Educators from around the country share their favorite educational apps.
Glossy images of diverse student bodies at universities are meant to convey these institutions’ warm embrace of prospective students, employees and supporters. But research suggests that when the images don’t line up with reality, the use of minority member photographs can backfire, generating an effect exactly opposite of the one intended.
Some university teaching practices are held sacred, but perhaps college professors can learn from progressive teaching tactics of K-12 classrooms.
Many students who don’t ace the SAT and ACT tests apply to schools that make standardized test scores optional. A new study shows those students do just as well in college as those who submit their scores.
The gap in earnings between young people who have a college degree and those who don’t has continued to widen over the past several decades. And while total student loan debt in the U.S. continues to rise, millennials say a college degree is still worth it.
University degrees in creativity are proliferating. But what does it mean to teach someone to be creative?
Educators often try to motivate students to work hard in school by emphasizing that college is the best path towards economic and social mobility. But getting a college education isn’t just about earning money in the future, it’s also about intellectual passion.
Universities say they’re looking for students who are engaged citizens and independent thinkers with a desire to be a part of the school’s community. But many of the measures used to determine college admission don’t test for those qualities. Instead, colleges look at SAT or ACT test scores, the number of Advanced Placement classes a student has completed, GPAs and the ability to write a strong essay. There is often a disconnect between the kind of student colleges say they want and what students have to do to be admitted.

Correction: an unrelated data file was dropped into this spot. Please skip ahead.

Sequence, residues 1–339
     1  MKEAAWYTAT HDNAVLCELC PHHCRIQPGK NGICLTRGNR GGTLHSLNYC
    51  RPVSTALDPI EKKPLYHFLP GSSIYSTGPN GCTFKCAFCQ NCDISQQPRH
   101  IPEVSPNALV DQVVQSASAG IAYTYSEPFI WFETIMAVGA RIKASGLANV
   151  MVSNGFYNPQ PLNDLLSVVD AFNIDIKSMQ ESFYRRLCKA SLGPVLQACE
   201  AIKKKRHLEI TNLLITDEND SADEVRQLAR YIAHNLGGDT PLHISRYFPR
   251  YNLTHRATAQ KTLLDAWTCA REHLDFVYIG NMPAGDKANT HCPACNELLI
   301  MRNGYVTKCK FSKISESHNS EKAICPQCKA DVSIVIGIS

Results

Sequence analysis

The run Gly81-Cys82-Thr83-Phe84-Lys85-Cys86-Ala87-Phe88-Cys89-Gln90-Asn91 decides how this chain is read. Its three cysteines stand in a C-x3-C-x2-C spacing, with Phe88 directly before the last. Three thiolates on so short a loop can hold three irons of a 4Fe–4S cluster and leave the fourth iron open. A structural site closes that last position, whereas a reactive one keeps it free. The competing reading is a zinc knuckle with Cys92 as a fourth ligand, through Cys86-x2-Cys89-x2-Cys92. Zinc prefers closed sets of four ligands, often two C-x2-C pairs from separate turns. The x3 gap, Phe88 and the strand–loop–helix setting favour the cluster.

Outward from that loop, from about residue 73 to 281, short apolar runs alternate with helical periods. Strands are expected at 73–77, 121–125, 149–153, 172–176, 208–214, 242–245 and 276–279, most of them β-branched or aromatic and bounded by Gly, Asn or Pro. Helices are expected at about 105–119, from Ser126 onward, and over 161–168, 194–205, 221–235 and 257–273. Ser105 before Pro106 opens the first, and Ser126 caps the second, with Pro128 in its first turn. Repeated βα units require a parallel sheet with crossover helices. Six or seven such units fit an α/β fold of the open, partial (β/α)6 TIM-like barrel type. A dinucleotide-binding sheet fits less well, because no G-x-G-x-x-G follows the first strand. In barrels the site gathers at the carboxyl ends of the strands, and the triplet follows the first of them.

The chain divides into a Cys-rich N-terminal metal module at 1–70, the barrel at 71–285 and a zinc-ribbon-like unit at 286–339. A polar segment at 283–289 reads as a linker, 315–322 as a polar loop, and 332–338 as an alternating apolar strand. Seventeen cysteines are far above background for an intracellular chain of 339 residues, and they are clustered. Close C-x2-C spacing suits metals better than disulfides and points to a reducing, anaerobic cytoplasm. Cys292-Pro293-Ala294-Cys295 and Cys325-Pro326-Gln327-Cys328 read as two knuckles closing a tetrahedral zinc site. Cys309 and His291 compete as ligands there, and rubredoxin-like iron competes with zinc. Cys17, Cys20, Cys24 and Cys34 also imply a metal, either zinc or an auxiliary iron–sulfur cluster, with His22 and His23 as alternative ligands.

Women and African-Americans are underrepresented among science and engineering graduate students. The Bridge Program, a collaboration between Fisk and Vanderbilt Universities, is working on changing this. And other programs are learning from its approach.
In a new poll, parents of girls were more likely to say no when asked if schools were sufficiently preparing students for the world of work. With many well-paying trades still dominated by men, girls may have a harder time succeeding in the workplace without some kind of higher education.
A burgeoning new group is applying the self-organized learning organization concept to higher education. “For entrepreneurship, the arts, communications, or other fields where the learning isn’t as codified, it doesn’t make sense to use the same models. For those fields, you don’t need a university degree.”